Waterwheel and the Zanja Madre
In 1857 William Dryden and his newly incorporated water company, Los Angeles Water Works Co., erected a forty foot water wheel to lift water from the Los Angeles River to the city’s main water ditch, the Zanja Madre. An image of this water wheel can be seen on the left, which was captured in 1863. Dryden constructed a large brick and wood storage tank in 1858 in La Placita, the city’s plaza which was located about one mile north of Azusa Street. It would remain there for about 10 years and then be replaced by a fountain. Afterward, water would continue to be stored in other tanks on the periphery of the plaza as well as in other nearby reservoirs.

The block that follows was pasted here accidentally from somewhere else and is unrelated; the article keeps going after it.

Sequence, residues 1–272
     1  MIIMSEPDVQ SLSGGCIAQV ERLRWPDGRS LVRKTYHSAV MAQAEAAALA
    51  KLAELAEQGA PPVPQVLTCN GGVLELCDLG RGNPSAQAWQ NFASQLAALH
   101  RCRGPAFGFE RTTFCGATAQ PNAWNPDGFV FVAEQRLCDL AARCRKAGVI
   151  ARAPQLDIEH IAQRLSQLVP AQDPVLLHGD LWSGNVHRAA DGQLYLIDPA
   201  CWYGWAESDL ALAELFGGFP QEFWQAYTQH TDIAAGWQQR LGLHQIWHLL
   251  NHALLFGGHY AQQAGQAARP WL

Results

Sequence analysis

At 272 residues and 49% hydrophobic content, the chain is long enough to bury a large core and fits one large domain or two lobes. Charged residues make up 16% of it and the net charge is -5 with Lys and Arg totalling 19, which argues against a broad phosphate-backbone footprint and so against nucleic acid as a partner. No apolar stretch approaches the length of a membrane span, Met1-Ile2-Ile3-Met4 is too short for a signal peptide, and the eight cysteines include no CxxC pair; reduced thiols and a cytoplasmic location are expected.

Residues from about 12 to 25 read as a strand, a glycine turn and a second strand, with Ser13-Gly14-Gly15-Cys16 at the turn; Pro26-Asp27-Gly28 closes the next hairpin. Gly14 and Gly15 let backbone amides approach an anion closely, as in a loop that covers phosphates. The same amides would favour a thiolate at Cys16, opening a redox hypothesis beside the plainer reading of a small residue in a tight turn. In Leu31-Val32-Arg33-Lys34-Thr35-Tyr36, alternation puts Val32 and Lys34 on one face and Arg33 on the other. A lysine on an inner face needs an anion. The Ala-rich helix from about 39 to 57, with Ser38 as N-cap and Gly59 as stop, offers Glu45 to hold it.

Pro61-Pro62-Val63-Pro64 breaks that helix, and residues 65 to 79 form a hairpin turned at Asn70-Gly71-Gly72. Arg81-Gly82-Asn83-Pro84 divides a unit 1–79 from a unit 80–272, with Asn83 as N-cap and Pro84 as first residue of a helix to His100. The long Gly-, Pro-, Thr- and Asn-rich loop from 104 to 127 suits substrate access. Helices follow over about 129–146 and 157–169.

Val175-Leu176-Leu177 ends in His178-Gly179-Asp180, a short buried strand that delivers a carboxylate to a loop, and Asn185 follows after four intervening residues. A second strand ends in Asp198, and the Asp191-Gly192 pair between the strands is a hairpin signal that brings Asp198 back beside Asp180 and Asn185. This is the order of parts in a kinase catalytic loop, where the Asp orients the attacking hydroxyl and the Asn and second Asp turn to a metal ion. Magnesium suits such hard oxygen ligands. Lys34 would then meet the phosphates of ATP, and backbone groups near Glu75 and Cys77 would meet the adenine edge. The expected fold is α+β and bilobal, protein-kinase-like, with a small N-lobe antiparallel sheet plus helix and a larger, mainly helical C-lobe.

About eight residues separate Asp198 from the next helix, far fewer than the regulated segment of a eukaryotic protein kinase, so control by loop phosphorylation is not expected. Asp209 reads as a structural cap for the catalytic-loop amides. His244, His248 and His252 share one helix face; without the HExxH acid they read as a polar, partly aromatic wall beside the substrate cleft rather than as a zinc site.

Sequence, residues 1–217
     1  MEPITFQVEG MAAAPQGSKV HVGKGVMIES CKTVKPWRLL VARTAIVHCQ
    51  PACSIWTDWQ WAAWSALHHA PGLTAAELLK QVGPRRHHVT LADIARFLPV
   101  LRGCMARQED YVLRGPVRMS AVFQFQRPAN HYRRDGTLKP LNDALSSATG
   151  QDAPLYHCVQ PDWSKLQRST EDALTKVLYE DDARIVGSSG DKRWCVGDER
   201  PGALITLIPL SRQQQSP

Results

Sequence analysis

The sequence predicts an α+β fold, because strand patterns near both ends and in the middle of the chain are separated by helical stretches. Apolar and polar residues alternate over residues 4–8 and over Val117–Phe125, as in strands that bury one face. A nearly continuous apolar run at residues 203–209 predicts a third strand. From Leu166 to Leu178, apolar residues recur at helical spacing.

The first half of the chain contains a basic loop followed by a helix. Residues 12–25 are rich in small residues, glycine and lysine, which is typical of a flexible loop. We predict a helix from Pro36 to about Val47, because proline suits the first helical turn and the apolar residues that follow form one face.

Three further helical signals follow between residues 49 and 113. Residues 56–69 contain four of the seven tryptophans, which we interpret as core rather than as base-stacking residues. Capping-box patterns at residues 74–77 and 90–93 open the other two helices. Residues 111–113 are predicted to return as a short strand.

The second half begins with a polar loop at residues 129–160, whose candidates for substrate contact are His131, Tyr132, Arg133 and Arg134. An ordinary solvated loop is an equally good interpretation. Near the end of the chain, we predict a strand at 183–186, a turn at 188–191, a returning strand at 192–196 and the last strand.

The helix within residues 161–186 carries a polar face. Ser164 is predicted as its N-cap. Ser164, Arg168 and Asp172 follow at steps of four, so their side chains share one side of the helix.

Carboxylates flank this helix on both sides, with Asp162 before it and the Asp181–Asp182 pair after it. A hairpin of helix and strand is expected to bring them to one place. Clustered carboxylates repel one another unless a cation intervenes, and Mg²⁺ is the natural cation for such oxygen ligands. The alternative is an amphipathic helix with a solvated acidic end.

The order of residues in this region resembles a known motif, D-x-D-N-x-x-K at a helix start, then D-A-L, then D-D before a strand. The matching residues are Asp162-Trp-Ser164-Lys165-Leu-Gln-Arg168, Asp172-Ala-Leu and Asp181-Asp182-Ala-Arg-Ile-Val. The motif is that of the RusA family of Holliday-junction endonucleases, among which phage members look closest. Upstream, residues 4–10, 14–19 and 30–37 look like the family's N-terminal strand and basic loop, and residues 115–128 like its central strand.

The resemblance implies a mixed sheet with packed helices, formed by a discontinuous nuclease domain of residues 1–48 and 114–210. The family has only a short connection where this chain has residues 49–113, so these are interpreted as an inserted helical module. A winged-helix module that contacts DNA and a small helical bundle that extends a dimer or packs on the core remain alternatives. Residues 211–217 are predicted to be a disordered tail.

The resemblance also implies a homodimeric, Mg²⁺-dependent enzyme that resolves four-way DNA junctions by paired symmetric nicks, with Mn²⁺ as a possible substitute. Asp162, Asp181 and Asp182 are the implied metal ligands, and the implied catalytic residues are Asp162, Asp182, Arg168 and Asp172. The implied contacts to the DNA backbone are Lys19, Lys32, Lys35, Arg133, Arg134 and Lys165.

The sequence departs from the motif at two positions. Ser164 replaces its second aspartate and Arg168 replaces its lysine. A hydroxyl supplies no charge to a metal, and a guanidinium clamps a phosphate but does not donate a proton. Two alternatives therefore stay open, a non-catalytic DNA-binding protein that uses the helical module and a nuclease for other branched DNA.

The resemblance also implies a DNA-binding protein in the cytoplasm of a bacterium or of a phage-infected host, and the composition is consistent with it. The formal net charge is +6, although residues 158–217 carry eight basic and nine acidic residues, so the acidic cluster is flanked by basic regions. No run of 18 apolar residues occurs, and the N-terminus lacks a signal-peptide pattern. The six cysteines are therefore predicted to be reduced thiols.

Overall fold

The conversion from total dependence on the zanja system for domestic water to an underground iron pipe water system began in 1867. Jean Louis Sansevain, a Frenchman who owned an extensive vineyard and winery on Aliso Street, was authorized by the City Council to lay 5,000 feet of iron pipe and to build a dam and reservoir. Discouraged by repeated failures, Sansevain the following year offered his lease to a group of individuals who formed a private corporation known as the Los Angeles Water Company.